"extraordinary remedy", only to be granted in
"exceptional circumstances." See Mayfield v.
National Ass’n for Stock Auto Car Racing, Inc.,
674 F.3d 369, 378 (4th Cir. 2012); Wilson v.
Thompson, 138 Fed. App’x 556, 557 (4th Cir. 2005);
Bell v. United States, No. RDB-12-3042, 2015 WL
4561837, at *2 (D. Md. July 27, 2015). The decision to grant
or to deny a Rule 60(b) motion is a matter of the District
Court’s discretion. Universal Film Exchanges, Inc.
v. Lust, 479 F.2d 573, 576 (4th Cir. 1973) ("When a
Rule 60(b)(1) motion is made, the District Court denies or
grants relief based on its discretionary appraisal of the
particular facts of the case").
Defendants’ Motions are Timely
moving under Rule 60(b)(1) must file within a reasonable time and
within one year of the entry of judgment. Fed.R.Civ.P. 60(c).
Despite their earlier continued failure to respond to this
action, Defendants did file their Rule 60(b) motions ten days
after the entry of default judgment. Plaintiffs do not
contest the timeliness of Defendants’ motions, and more
belated filings have been held to be timely. See Park
Corp. v. Lexington Ins. Co., 812 F.2d 894, 896 (4th Cir.
1987) (explaining that there is "no question" that
a Rule 60(b) motion filed within five months of the date of
default judgment and within fifteen days of the
defendant’s discovery of that judgment was timely).
Granting Defendants’ Motions Would Not Unfairly
Prejudice the Plaintiff
finding of unfair prejudice requires harms beyond those that
inevitably result whenever a judgment is vacated. See
Westlake Legal Group v. Yelp, Inc., 599 Fed. App’x
481, 484 (4th Cir. 2015). Here, Plaintiff complains of
litigation expenses he has incurred, and the future costs he
will incur if this Court vacates the judgment. Such expenses
are inevitable whenever a judgment is vacated. They are not
Defendants Have Failed to Show that They Possess a
establish a meritorious defense, the moving party must
proffer some evidence "which would permit a finding for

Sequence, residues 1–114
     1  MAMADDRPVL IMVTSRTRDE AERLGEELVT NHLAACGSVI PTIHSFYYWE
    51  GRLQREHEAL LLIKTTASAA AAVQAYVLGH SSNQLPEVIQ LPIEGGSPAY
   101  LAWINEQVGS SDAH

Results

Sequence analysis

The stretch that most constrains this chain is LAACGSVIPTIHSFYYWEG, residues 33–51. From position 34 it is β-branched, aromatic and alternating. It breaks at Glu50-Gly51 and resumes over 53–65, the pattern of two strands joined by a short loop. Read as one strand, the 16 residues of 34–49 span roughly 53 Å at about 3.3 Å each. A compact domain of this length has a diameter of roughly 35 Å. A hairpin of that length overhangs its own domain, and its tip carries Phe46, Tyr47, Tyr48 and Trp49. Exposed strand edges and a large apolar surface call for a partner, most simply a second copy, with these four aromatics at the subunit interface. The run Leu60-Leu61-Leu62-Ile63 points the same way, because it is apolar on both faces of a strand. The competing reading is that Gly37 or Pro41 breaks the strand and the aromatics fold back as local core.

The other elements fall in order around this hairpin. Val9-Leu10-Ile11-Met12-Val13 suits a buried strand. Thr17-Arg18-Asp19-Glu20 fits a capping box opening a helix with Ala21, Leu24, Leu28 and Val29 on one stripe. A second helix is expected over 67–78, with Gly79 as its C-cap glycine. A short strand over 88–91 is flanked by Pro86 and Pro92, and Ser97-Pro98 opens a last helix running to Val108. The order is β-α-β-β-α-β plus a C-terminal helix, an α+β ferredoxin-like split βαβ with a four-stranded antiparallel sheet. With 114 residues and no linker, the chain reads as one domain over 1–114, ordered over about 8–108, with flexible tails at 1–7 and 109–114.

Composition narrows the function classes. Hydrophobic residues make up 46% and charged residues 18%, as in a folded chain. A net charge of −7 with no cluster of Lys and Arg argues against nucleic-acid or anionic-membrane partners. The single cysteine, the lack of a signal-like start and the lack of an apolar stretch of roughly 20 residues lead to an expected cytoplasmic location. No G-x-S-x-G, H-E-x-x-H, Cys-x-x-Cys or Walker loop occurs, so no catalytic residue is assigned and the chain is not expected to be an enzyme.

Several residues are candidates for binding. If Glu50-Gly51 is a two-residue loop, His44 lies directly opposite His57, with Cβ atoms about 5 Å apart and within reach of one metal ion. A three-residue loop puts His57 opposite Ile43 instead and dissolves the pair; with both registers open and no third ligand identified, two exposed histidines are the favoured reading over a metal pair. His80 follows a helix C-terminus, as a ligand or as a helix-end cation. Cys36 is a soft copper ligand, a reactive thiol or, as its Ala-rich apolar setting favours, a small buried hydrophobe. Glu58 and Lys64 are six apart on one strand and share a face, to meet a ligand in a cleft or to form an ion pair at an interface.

the defaulting party or which would establish a valid
counterclaim". Augusta Fiberglass Coatings, Inc. v.
Fodor Contracting Corp., 843 F.2d 808, 812 (4th
Cir.1988). Conclusive proof is not required; affidavits will
do. Id. Movants, however, must do more than
"allege in a conclusory fashion" that they possess
a meritorious defense. Consolidated Masonry &
Fireproofing, Inc. v. Wagman Const. Corp., 383 F.2d 249,
251 (4th Cir. 1967). In this case, Defendants hint at a
potential defense, but do not present evidence of any kind to
support it. Despite having repaid $400, 000 of the
agreed $500, 000, Defendants now briefly claim that they
"intend to enter evidence that Plaintiff was an EB-V
Visa investor", and that this status renders him
ineligible for repayment of his investment. Mot. to Set Aside
at ¶ 9, ECF Nos. 18, 19, 20. Plaintiff correctly
distinguishes between Defendants’ stated intentions to
adduce evidence and the actual presentation of evidence.
Defendants have put forward no evidence at all that Plaintiff
obtained an EB-V visa. On the contrary, Recital B of the
Return of Capital and Release Agreement, which both
CaerVision CEO Jack Zhang and Plaintiff signed, acknowledged
that Plaintiff withdrew his EB-V visa application. (ECF No.
1, Exhibit A). Because Defendants have not adequately
demonstrated that they possess a meritorious defense to
Plaintiff’s claims, they fail to meet the threshold
requirements of a Rule 60(b) motion. See, e.g., H&W
Fresh Seafoods, Inc. v. Schulman, 200 F.R.D. 248, 253-54
(D. Md. 2000) (denying Defendant’s Rule 60(b) motion to
vacate a default judgment entered against him because his
memoranda and affidavit revealed only "tenuous"
Defendants Have Failed to Demonstrate Excusable Neglect
argue that their failure to respond to Plaintiff’s
complaint resulted from "inadvertence" or
"excusable neglect" pursuant to Rule 60(b)(1). Mot.
to Set Aside at ¶ 3, ECF Nos. 18, 19, 20. Defendants
complain that they were fielding other lawsuits and
conducting a large product launch, and that those demands
rendered the relevant principals "not readily
available." Mot. to Set Aside at ¶ 5, ECF Nos. 18,
19, 20. These circumstances delayed Defendants’
litigation pursuits in this case, they ...